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@Jeremy.Atkin

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Joined June 2012

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Do you honestly think that’s a fair comparison? A full season in ‘clear air’ with the top players (including the Wallabies) is a hugely different proposition to a few end of season games with the non-Wallaby super rugby players.

How to fix Australian rugby, Part 3: Protecting and growing revenue

They may or may not be true but totally outside Rugby Australia’s ability to change. There’s a whole post on this coming in a couple of days anyway…

How to fix Australian rugby, Part 3: Protecting and growing revenue

Oh I agree – should be in the post but the intent would be to distribute the vast majority of that money out to the clubs

How to fix Australian rugby, Part 3: Protecting and growing revenue

I would argue that club rugby doesn’t need to appeal to a ‘broad Aussie audience’. Club rugby needs to satisfy hardcore rugby fans (who have associations with locals clubs and want to watch both the best and up and coming players) and provide a link with grassroots participation. There may not be millions of these people but the ones who are in this bucket are generally wealthy and so will be willing to pay. The club rugby audience is a rich niche – that’s the point.

Not sure where you get 51 Premier clubs? I assume that includes Canberra, Melbourne and Perth – I’ll be honest I don’t know much about club rugby in those cities. In reality I think you’d end up with many of my fifty migrating back to Sydney and Brisbane (which is where most are originally from) with a handful elsewhere so there would be more concentration than what you are suggesting.

wrt interstate games short answer is they’d be significantly amateur (as they were for most of their existence). Long answer is that there is a whole post coming on how I’d see the calendar working so pls keep reading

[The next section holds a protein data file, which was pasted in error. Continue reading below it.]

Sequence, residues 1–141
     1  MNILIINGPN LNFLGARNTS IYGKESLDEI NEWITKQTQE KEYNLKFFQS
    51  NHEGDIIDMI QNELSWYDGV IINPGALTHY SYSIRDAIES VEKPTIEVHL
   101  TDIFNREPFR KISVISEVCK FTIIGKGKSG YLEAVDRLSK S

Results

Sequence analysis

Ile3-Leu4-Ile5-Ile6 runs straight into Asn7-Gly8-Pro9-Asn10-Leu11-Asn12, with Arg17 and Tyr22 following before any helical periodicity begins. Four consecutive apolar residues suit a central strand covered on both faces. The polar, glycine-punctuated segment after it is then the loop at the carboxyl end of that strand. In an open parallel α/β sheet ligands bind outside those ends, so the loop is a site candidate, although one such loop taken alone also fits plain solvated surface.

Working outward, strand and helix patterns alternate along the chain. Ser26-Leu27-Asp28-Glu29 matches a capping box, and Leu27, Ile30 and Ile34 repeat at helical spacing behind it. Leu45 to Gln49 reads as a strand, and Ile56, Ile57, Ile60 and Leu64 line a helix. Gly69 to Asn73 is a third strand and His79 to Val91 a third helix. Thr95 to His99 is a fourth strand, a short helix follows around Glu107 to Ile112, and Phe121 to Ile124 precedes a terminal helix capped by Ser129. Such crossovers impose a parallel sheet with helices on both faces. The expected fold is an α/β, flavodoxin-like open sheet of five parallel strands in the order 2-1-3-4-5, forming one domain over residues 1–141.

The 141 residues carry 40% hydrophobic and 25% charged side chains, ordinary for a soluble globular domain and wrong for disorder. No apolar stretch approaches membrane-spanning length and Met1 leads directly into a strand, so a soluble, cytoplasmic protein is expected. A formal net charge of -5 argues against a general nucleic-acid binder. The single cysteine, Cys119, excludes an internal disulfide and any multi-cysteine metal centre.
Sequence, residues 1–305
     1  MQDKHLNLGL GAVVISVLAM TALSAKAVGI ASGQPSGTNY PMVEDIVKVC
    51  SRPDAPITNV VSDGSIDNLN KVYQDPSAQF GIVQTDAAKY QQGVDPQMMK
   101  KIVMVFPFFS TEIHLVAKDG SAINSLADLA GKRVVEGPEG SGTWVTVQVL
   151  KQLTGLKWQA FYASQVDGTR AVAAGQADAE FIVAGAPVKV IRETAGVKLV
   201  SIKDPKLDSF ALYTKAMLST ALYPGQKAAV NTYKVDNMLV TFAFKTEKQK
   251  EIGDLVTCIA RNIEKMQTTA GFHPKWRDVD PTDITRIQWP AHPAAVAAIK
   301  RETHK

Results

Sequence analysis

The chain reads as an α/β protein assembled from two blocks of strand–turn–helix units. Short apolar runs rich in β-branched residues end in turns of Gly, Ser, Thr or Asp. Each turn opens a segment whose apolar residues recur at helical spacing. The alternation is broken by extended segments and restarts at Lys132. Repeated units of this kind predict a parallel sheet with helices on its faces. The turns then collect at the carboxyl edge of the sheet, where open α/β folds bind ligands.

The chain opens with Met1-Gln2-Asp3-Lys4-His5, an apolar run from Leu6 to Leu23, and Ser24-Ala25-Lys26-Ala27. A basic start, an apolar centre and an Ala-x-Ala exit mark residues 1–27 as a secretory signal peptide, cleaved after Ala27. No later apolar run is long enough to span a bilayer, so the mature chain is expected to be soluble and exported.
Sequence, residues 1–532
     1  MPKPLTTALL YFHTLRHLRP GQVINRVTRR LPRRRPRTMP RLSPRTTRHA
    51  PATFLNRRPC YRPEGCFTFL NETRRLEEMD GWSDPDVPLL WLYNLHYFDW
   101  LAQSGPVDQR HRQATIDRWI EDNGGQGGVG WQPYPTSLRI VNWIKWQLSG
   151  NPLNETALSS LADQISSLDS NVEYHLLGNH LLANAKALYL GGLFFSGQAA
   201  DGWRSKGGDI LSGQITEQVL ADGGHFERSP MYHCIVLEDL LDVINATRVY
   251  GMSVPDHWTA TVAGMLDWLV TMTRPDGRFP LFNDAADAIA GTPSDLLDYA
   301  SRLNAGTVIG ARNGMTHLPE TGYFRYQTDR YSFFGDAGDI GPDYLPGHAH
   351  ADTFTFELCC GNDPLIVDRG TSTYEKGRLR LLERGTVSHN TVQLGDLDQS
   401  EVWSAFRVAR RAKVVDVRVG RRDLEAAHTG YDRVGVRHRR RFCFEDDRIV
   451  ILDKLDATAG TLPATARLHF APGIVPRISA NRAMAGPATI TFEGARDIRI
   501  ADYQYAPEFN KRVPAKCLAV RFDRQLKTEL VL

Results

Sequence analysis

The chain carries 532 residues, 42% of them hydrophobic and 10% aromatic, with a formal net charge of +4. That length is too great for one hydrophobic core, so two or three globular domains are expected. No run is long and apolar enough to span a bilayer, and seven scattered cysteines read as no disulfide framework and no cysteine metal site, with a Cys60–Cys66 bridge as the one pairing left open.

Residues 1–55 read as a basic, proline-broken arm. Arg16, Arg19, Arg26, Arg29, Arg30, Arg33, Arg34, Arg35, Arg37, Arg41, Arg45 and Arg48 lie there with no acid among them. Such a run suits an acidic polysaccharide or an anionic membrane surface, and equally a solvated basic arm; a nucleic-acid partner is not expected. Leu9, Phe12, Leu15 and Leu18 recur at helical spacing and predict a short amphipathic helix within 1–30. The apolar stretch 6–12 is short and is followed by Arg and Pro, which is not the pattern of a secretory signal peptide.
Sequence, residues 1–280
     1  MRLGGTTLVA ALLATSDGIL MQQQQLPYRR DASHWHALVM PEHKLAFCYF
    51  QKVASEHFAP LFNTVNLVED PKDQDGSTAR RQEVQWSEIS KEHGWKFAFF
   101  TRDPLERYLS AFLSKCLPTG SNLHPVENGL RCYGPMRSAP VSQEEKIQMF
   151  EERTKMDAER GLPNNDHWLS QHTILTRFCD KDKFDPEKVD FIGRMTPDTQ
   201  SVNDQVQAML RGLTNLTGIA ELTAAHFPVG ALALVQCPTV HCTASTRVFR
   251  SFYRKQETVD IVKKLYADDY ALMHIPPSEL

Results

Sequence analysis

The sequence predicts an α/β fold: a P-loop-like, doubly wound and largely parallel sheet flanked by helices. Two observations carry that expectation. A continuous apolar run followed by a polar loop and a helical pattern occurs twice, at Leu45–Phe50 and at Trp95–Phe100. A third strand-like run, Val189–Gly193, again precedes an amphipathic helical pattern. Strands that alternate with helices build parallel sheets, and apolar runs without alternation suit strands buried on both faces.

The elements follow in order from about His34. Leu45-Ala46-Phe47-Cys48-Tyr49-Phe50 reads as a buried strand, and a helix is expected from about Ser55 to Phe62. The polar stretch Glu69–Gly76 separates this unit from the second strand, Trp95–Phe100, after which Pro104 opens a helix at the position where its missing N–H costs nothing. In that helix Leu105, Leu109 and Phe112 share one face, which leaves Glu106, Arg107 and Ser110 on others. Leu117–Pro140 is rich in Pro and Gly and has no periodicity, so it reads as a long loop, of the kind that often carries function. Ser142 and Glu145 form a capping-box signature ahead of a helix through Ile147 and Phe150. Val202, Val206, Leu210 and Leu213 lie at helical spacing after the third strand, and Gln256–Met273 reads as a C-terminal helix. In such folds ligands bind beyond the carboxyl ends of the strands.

How to fix Australian rugby, Part 3: Protecting and growing revenue

The value of club rugby is low at the moment because it’s on at the same time as Super Rugby and none of the best players play in it. Put the best players in and actually make an effort to promote it, I think that changes pretty quickly.

Even so, as a viewing experience I honestly believe club rugby is better to watch than most Super Rugby.

With regards to expats, you’re making an assertion with no evidence so pretty hard to argue against other than to say you could buy the rights to those countries’ domestic competitions very cheap and bundle with all the other Australian rugby content so you can still capture that audience and the revenue they generate…

How to fix Australian rugby, Part 3: Protecting and growing revenue

My structure is an effort to (1) attract enough of the best young players to stay with union and stop what has happened with Angus Crichton, Kalyn Ponga, Cam Murray, Tyson Frizell etc. etc. choosing league over union and (2) keep our very best players here & make an rugby career as financially attractive as an elite NRL career. At the moment Sean McMahon, Will Skelton, Tolu Latu, Isaac Rodda, Rory Arnold, Samu Kerevi are all probable selections in the Wallabies best 23 but aren’t available because they’re overseas. We just can’t win without picking our best players.